The spread of COVID-19 has brought conversations on health and hygiene to the forefront. For double reed players, this means reed sanitizing practices. Unless you are a professional making your own reeds, they will have been in at least one other person’s mouth. Those who teach or otherwise share reeds regularly expose themselves and their students to potentially harmful pathogens. I was working as a band camp oboe instructor when I came down with Hand/Foot/Mouth Disease. Upon returning to work, I discovered that I had contracted it from a student through shared reeds. Fortunately, I was the only one who got sick, but it could easily have spread through the whole group. It possibly could have been prevented through appropriate reed sanitizing practices.
While many reed makers are taking steps to prevent the spread of coronavirus and other pathogens, industry standards dictate that individuals should still take responsibility for the sanitizing of their new reeds before playing. Teachers, likewise, will want to have more informed practices in place to use during lessons once in-person lessons resume. In researching this article, we found that many of the commonly accepted reed cleaning practices are entirely ineffective against illness causing viruses and bacteria. It is crucial to remember that with all cleaning methods listed below, soaking just the cane as you normally would to wet the cane before playing will not disinfect the reed. The entire reed needs to be immersed in whatever disinfecting solution you are using. Also, the time recommendations are based on information about nonporous, clean surfaces as scientific experiments with cane have not been conducted at this point. We will first take a look at general sanitizing options the CDC recommends.
Of the CDC/EPA recommendations, a 70% alcohol dilution is likely one of the most efficient solutions. Based on several studies, isopropyl (C3H8O) and ethyl alcohols (C2H5OH) are equally effective in disinfecting a hard surface.
Isopropyl alcohol has an approximate pH of 8, which is slightly alkaline. This should not degrade the cane. Harmless when used as an external antiseptic, it can be deadly when ingested in quantity. We recommend thorough rinsing in clean water afterward to remove the isopropyl.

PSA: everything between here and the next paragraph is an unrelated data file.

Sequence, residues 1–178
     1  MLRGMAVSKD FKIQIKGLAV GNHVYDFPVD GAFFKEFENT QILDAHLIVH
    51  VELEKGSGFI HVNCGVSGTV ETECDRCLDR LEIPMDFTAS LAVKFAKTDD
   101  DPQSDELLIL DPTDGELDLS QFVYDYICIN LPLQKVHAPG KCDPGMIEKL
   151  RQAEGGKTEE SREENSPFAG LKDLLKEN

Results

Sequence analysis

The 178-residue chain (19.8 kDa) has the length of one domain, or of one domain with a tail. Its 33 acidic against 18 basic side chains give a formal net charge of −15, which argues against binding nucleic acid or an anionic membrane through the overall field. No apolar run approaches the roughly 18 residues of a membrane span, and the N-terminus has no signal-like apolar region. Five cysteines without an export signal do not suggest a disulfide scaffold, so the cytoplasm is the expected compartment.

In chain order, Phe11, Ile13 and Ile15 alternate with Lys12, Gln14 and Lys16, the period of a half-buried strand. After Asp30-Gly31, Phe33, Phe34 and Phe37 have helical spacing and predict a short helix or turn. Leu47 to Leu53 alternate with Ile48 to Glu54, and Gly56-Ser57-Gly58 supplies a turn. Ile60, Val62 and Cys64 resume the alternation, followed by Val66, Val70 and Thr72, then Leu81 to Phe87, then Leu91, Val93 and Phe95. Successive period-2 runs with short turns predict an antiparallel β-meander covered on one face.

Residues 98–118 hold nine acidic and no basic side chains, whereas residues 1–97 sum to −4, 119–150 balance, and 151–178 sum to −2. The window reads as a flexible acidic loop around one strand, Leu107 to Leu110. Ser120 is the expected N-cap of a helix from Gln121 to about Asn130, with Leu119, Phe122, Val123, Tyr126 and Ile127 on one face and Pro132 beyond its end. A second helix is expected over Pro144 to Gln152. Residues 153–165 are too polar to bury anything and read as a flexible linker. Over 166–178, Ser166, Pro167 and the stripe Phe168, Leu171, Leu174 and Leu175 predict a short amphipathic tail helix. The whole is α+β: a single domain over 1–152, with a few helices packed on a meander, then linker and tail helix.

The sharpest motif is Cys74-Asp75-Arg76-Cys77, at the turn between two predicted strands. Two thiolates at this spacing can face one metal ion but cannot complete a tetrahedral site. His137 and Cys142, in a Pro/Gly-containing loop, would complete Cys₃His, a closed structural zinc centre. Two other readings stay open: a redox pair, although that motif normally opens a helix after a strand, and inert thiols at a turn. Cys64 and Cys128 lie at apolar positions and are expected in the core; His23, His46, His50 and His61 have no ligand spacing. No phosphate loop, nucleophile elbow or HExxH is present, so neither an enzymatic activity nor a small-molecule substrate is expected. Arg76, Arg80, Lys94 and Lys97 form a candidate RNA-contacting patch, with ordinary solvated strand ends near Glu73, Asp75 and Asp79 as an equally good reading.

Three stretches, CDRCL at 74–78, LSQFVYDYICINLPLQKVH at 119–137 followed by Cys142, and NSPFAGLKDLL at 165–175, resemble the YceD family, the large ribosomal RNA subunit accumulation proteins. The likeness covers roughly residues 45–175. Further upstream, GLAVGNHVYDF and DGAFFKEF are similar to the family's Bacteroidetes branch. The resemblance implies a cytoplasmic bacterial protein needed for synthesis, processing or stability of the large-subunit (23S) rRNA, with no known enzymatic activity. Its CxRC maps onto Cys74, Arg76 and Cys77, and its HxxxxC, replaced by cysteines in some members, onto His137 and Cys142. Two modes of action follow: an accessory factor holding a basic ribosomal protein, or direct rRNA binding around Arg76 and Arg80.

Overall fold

Ethyl Alcohol or Ethanol, with a pH of about 7.33, is very close to neutral and should not degrade the cellulose in the cane. Ethyl alcohol is the kind of alcohol present in all alcoholic beverages. Many believe Vodka to be an effective disinfectant. It is not. The alcohol content must be at least 60%. Most vodkas available have an alcohol content of only 40%.
Everclear, on the other hand, is bottled at 120 (60%), 151 (75.5%), 189 (94.5%), and 190 proof (95%) and is a safe alternative that may be more readily available than many alcohol cleaning products at this time of heightened concern.
Not all alcohol is appropriate for cleaning reeds, the presence of sugars in all other commonly available alcohols made for consumption can cause build up and damage your reeds. Sugars may also encourage mold and bacteria growth.
For an alcohol treatment to be truly effective the CDC recommends that a surface be soaked in the alcohol for at least one minute. If we applied this to reeds, a quick dip and swabbing the inside with a Q-tip or pipe cleaner would not adequately disinfect a reed. It would need to be fully immersed for at least one minute and probably more since it has a porous surface. Alcohol, especially isopropyl alcohol, can leave an unpleasant taste on the reed. I found that swishing the reed briefly in a glass of water really helped get rid of that. But a safer practice would be to rinse it in running water.
A commonly accepted misconception is that mouthwash can be used to disinfect reeds. Most mouthwash falls between 10% and and 30% alcohol, this is simply not strong enough to effectively kill viruses. Generally, mouthwashes also contain essential oils, sugar alcohols and dyes; all of which are likely to damage your reeds.
Although hydrogen peroxide is an acid with most commercially available dilutions having a pH between four and five, oboist Aaron Lakota has noticed very little cellulose degradation in the cane when soaking his reeds in it. Our play tests and examination under a microscope also support this.
The CDC/EPA recommendations indicate that a 0.5% plus hydrogen peroxide dilution for 5 to 10 minutes will disinfect a smooth surface. Porous surfaces are expected to need more time to soak in.
Over time, hydrogen peroxide (H2O2) loses an oxygen molecule becoming water (H2O). Depending on the buffers present in each commercial formulation of hydrogen peroxide solution the half-life can range between five hours and twenty days. Bottles that are several months old are probably not effective. We recommend rinsing your reeds in water after soaking them in hydrogen peroxide solution.